As a Ph.D. student in the summer, I have, it seems, quite a bit of freedom. I’ll be working, of course, and I have no shortage of things to learn, but I’m faced with a vast expanse of time in which there is much to accomplish but little which is due. My time is my own.
It’s a gift, really, but one which requires some discipline and forethought to accept successfully. I spent much of last week putting together week-by-week learning goals for myself; papers to read, specific topics to study.
Looking through it now, though, I am struck by just how mechanical my goals are; I want to learn specific algorithms and approaches, catch up on specific literatures and authors. These are good and important uses of my time, but it strikes me, too, that something is missing.
I started this blog three years ago in part because – as a generically over-busy employee and adult – I wanted to ensure that I took time out in my life to think. I bunt on a lot of days, to be sure, but nonetheless it seems a worthwhile goal to try to think at least one interesting thought a day.
Perhaps what’s most exciting about the summer, then, is that it’s a time that allows for stepping back to look at the big picture; to remember the broader questions which motivate my work. I have learned a great deal of valuable knowledge in my classes, but they have done little to relieve my Wittgensteinian doubt that people can’t deeply communicate or my Lippmannian skepticism that ‘the people’ aren’t ultimately up to the task of governance. I have found, on the whole, my writing drifting away from questions of justice and equality towards questions of implementation and practicality.
I have written before that my primary motivation comes from the civic studies question: what should we do? In that sense, it seems fair to say that my attention lately has been focused primarily on the ‘what‘ and the ‘do,‘ while, perhaps, neglecting the ‘should.‘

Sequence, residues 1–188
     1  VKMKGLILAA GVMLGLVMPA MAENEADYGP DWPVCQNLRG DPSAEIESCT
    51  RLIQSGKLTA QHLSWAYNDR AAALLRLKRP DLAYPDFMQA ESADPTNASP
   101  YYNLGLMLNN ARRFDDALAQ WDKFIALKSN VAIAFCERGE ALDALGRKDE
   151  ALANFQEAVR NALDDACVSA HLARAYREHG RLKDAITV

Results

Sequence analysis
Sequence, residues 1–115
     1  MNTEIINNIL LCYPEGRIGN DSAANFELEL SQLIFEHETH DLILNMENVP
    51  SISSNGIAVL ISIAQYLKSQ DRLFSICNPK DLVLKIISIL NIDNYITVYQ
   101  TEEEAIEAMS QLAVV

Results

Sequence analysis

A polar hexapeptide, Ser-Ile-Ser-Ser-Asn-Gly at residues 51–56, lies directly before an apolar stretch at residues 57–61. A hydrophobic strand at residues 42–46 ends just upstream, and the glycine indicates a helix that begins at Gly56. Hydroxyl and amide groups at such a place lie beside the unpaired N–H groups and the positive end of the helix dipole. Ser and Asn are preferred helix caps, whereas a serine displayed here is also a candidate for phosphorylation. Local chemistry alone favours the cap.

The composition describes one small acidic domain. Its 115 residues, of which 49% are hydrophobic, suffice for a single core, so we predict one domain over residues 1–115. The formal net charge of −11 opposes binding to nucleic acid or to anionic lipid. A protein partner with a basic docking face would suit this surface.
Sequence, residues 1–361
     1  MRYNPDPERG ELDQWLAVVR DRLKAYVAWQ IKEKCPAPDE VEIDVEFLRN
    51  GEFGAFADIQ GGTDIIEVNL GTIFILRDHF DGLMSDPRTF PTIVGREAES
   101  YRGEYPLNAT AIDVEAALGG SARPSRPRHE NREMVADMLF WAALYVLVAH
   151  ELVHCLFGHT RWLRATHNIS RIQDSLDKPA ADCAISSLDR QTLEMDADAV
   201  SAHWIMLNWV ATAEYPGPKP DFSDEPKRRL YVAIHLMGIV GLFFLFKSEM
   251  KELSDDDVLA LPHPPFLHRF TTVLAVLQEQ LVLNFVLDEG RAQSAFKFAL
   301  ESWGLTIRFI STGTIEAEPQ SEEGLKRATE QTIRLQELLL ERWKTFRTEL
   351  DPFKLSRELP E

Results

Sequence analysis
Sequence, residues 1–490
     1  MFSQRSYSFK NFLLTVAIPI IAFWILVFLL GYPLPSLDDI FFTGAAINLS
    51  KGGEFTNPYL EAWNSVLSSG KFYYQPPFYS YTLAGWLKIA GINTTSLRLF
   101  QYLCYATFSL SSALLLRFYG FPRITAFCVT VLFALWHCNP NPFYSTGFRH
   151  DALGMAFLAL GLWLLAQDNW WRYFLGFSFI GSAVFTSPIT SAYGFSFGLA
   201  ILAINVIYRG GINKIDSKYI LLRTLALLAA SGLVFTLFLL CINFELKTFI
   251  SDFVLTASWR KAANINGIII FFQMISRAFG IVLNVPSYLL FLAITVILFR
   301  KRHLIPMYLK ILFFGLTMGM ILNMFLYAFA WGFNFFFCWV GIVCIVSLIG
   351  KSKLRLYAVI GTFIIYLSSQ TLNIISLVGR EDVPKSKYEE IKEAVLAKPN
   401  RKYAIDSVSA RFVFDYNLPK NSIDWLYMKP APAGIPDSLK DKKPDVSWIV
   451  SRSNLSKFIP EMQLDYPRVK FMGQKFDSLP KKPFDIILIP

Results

This is entirely to be expected, of course – the three elements are equally important but traditionally divorced in the academy. If I were a humanities Ph.D. student I’d no doubt be finding that I focus too much on the should with an unfortunately loss of practicality.
My summer writing goal, then, is to explore this should. I will continue to use the bulk of my time to study more practical topics of implementation, but this blog will be my space to step back and think about the broader questions. That’s what I want to make time for.
I’ll also keep writing, of course, about whatever random facts or interesting historical notes come my way. I wouldn’t want to miss out on that.
Broadly, then, and entirely for my own benefit – as this blog unapologetically is – here are just a few of the questions on my mind which I plan to spend some time thinking and writing about this summer:
Power – what is the role of power in the Good Society? How does it shape interactions and experiences? Is it achievable to eliminate power dynamics? Would we want to?
Dialogue – what are the strengths and limitations of dialogue as a tool for the collective work of governance? What institutions ought to be supplemented with public dialogue and when should public dialogue be supplemented by institutions? What are the realities of power dynamics in dialogue? Can they be overcome?
Institutions of democracy – What institutions are vital to democracy? How should they function and what should they accomplish? What institutions detract from democracy?
Historicism and morality – if human institutions and ideals are constantly subject to change, how do we know what is good? What would a continually Good Society look like? How would it change and adapt without simply falling into fads of the day?
Global society – why does it seem that the whole world is going to hell and what do we do about? What structures and institutions can support the Good Society on a global scale? What are our individual responsibilities as global and local citizens?
Pessimism and skepticism – why hope is not always required. Or warranted.
Divergent views – What does it truly mean to make space for divergent views? How do you distinguish from creating space to consider unpopular opinions and giving a platform to trolls and bigots? Can one be accomplished and the other avoided?
Phronetic and computational social science – what is the role of measurement in social sciences? What does it add? What does it detract? Is social science trying too hard to be ‘science’? What results from seeking predictive social science?